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Wednesday, February 23, 2011
Nigel Sylvester: A New Type of BMX Pro


Nigel Sylvester, seen here with photographer Mark Losey, might look like he's having fun while shooting a BMX photo, but getting new photos for his sponsors is part of the pro job description, and sometimes it's not always as fun as it looks.

Last week, we examined the various routes BMX riders can take to achieve the seemingly vague title of 'pro.' This week, we're going to examine one type of route to go, the "video pro" route. And to do so, it's going to get a bit murky. I might even go so far as to pull BMX no-no and reference skateboarding. But I'll try to keep this short, simple and definitive of one type of pro in the evolving world of BMX.

And to do so, I'm going to use Queens, N.Y. area street rider Nigel Sylvester. Nigel is 23-years-old, and sponsored by Nike 6.0, Mirraco, Animal Bikes and Gatorade. Nigel grew up riding street in the NYC area, and rarely competes, choosing instead to film video parts, shoot photos and work at progressing his riding into new territories. To achieve this, he takes frequent trips throughout the world for his sponsors, and when at home, he rides frequently and does more than his share to promote the sport of BMX, including Games of Bike and video shoots.

There was never one specific day when the BMX world decided that Nigel Sylvester was pro. But he put in work on earlier video parts, including Animal's "All Day," and in return, prospective sponsors took notice of Nigel's skills. Nigel started out getting product flow from Animal and Wethepeople, and continued to ride and progress. He also proved at an extremely early age that he was willing and eager to put in the necessary work it takes to go the pro route in BMX, rarely complaining, pursuing every opportunity that was handed to him, and handling himself in a professional manner years before he was actually getting paid to ride a BMX bike.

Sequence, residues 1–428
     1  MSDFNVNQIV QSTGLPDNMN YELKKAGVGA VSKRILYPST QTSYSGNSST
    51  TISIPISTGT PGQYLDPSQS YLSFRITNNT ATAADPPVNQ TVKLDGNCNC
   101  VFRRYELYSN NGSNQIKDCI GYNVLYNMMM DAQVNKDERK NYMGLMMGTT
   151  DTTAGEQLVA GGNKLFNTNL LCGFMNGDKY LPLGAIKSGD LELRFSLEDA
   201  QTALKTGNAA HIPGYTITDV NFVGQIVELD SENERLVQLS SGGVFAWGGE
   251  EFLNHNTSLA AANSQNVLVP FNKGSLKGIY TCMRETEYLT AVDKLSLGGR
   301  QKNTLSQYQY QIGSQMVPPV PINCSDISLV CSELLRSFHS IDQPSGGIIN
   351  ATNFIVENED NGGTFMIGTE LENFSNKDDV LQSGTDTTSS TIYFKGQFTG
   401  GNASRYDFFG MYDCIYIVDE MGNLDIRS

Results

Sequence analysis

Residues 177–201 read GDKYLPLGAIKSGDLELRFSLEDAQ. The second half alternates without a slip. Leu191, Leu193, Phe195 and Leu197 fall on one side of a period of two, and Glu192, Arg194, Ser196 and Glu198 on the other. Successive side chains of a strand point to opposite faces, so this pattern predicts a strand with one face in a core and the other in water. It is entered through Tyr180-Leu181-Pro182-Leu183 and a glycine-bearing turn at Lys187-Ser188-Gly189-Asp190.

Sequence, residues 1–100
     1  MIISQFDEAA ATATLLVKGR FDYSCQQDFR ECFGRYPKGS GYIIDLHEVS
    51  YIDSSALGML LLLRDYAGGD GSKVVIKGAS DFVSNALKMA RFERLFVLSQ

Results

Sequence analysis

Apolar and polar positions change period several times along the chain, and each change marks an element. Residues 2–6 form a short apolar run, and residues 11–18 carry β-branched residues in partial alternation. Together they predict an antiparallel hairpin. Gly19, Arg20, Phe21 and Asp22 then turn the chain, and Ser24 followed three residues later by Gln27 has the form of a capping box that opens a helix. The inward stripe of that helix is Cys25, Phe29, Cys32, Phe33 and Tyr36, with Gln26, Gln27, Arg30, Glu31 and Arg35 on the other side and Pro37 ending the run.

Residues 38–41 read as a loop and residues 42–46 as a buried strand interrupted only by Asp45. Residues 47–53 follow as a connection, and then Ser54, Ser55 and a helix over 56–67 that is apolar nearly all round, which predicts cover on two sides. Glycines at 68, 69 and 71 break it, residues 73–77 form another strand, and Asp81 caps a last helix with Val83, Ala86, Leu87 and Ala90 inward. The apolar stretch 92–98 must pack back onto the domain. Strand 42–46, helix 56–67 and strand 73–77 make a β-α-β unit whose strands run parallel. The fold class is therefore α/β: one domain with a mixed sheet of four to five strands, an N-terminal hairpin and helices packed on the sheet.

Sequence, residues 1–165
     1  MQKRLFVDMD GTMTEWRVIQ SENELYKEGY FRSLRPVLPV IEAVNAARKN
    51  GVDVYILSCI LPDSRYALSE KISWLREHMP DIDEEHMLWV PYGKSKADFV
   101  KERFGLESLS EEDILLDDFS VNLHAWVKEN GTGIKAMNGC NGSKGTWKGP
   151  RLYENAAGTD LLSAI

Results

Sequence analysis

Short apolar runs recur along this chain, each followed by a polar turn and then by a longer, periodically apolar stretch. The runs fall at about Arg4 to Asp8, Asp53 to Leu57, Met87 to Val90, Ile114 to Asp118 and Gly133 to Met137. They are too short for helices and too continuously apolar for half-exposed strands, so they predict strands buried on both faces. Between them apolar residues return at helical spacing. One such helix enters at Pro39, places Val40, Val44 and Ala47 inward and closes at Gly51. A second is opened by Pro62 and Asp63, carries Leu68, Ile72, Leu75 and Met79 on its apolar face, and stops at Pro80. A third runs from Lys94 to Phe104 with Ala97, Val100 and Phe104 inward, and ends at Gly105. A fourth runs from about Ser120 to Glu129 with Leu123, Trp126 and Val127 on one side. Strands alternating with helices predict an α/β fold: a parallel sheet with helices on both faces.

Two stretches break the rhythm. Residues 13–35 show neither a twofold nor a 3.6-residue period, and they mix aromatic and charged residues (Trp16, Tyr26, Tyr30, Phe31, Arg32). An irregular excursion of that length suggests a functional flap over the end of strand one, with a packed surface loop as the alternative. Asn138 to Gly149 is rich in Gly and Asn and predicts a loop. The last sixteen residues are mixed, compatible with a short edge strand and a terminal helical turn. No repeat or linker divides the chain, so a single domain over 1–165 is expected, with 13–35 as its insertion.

Nigel also puts in work on the pro demo circuit, traveling to shops and performing his brand of BMX for his sponsors and the shops that promote his sponsors. That also means intercting with fans, which Nigel excels at.

Eventually, bigger sponsors took notice of Nigel's achievements outside the traditional BMX realm, and Nigel signed on to ride for Nike 6.0, Mirraco Bikes and Gatorade, endorsing signature shoes from Nike 6.0, and a signature frame from Mirraco. Right around the same time, the BMX media started paying a lot more attention to Nigel, and he "blew up," appearing in more progressive videos, in Nike ads on Houston Street and in somewhat unlikely places for BMXers (such as the host of the Afro Punk Festival in Brooklyn.)

Nigel didn't necessarily have the support of everyone. "Growing up, a lot of people always saw me and asked what I was riding a bike for, why I was doing that, saying that it wouldn't get me anywhere. Telling me that I might be good at something, but it wasn't going to get me anywhere," he says. "I didn't listen to them. I just kept doing what I was doing and now it's the real achievement."

Nigel continues to progress his riding, promote his sponsors (and the sport of BMX) and expose BMX to new audiences, all the while being a positive role model to his friends and fans. And to me and many others in BMX, Nigel Sylvester is a prime example of what it means to be a pro in BMX.

Getting on a plane with only a few days notice to ride a new street plaza demo at Woodward Beijing is another part of the pro job description that Nigel excels at, seen here 180 barspinning out of a grind last spring.

For all intents and purposes, I'm going to say that Nigel's approach to becoming pro closely mimics that of skateboarding. Nigel wasn't "turned" pro as they do in skateboarding (which means getting a signature deck), but he progressed through the ranks, from flow guy, to new team guy, to worldwide BMX superstar with paid endorsements, and he's done all of this completely separate from the BMX contest circuit.

Instead, Nigel used the tools available to him, including street riding, video and magazine exposure, and the desire to make things work on his own terms, and developed into a true BMX pro.

But there's another aspect as well that never gets mentioned in this discussion.

"If I didn't follow my heart, I wouldn't be here now," says Nigel, proving that the act of becoming a pro is much more than being able to do tricks on a BMX bike.

THE PRO QUESTION ON ESPN BMX